Hallett LJ: Use jury trials in 'serious' criminal cases only
â€˜Legal system will become even more crucial to our survival post-Brexit'
Jury trials should only be used in criminal cases of ‘sufficient seriousness’ and must not remain under-developed, a senior judge has said.
Delivering the annual Blackstone lecture, Lady Justice Hallett gave a whistle-stop tour of the history of jury trials before analysing their future role in the criminal justice system.
‘I do advocate a continued role for the jury in criminal trials of sufficient seriousness to society or to the individual accused to justify the use of resources,’ she said.
‘If we are to ensure that trial by jury remains a robust, a central, and democratic aspect of our criminal justice system well into the 21st century, it cannot remain under-developed.’
Hallett LJ called for more academic research into the area but recommended ‘simple sensible steps’ to be taken in the meantime to improve the jury trial, such as removing the right to elect trial by jury in cases that simply do not warrant it; simplifying, streamlining, and case managing jury trials effectively; and better jury communication.
She acknowledged that juries were ‘seen by some as an unfair and time-consuming process’, a ‘“luxury” placing an expensive burden on the state’ – despite their low usage (in 1 or 2 per cent of criminal cases) – and questioned whether a prolific shoplifter accused of stealing sweets from a shop should have the right to demand jury trial at a cost of approximately £20,000.
In championing jury trials as a means to secure democracy, democratic participation, and the rule of law, the Court of Appeal judge said the British public could not afford to overlook their role, particularly in the light of Brexit, when ‘the legal system will become even more crucial to our survival’.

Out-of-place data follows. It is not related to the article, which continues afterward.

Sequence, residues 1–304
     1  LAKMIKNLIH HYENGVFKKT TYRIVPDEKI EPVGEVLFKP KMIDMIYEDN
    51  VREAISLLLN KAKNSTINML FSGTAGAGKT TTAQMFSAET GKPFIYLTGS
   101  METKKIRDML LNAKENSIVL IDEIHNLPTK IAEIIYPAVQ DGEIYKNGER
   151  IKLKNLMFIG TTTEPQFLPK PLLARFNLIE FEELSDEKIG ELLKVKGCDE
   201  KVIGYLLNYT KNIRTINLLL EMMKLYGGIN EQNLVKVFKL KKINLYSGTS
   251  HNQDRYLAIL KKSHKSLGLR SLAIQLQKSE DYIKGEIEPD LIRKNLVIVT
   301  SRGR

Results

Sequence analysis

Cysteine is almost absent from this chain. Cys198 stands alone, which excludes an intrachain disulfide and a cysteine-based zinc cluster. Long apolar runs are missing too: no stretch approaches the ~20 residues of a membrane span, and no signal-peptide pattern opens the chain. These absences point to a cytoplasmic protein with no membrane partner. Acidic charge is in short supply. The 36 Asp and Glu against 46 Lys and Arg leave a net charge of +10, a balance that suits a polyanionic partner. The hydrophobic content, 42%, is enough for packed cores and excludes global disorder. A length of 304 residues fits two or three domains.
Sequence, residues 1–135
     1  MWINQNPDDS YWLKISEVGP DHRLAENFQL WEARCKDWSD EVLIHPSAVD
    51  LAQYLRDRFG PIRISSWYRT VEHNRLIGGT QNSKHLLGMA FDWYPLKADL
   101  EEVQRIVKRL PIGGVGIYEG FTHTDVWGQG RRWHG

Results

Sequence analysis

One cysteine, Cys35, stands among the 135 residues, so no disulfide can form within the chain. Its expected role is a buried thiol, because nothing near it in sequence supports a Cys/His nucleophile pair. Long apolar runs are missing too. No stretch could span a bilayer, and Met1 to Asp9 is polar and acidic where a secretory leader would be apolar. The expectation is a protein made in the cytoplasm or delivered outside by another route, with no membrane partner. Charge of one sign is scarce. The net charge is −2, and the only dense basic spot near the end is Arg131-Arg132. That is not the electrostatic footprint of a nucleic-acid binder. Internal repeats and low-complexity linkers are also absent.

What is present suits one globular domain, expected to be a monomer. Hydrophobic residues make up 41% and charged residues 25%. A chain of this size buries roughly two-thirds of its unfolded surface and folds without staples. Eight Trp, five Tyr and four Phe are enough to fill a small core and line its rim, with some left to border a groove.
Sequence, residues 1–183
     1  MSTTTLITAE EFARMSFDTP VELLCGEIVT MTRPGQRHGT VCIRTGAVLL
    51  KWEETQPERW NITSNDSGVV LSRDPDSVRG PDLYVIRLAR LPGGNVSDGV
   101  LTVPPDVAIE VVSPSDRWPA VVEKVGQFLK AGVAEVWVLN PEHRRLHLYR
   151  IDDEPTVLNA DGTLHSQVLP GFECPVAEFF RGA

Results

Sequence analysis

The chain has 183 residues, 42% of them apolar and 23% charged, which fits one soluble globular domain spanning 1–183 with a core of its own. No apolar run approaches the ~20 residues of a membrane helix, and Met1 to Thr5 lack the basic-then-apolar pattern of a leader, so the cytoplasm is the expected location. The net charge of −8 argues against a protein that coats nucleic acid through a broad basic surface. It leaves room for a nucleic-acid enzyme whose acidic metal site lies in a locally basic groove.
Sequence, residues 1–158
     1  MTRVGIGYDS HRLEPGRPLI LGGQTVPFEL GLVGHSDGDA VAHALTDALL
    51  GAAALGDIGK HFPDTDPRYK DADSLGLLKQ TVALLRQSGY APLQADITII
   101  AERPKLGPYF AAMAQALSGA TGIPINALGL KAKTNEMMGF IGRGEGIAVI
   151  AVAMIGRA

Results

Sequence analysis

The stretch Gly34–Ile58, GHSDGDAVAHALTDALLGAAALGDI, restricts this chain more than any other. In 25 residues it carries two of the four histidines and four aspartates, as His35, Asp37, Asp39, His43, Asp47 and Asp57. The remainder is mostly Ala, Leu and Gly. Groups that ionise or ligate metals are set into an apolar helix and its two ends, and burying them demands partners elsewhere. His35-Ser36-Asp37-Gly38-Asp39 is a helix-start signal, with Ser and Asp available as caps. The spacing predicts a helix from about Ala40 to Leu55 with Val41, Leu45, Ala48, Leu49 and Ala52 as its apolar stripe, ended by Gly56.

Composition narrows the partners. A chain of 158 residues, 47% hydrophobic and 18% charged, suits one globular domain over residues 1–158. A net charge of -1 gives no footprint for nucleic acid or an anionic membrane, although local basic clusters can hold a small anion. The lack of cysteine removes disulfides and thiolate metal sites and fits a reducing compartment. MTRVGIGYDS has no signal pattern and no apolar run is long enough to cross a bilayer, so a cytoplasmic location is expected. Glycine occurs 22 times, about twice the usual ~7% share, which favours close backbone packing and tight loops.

She said juries were a check against the authority of parliament and the government and helped to ensure justice remained local and representative of society at a time when ‘government in its broadest sense is not as representative of society as it could or should be’.
Hallett LJ recognised that there are exceptional cases where a judge is required to step in and act alone following jury misconduct but warned that ‘moving to a system of judge-only reasoned verdicts would eliminate the democratic participation in the criminal justice system’.
‘It would mark an estrangement between the public and that system; one which I do not believe would benefit society. We would lose the advantages it brings. The place for a judge-only verdict is as an exception to the general rule justified by the wider need to secure the proper administration of justice.’
Matthew Rogers is a legal reporter at Solicitors Journal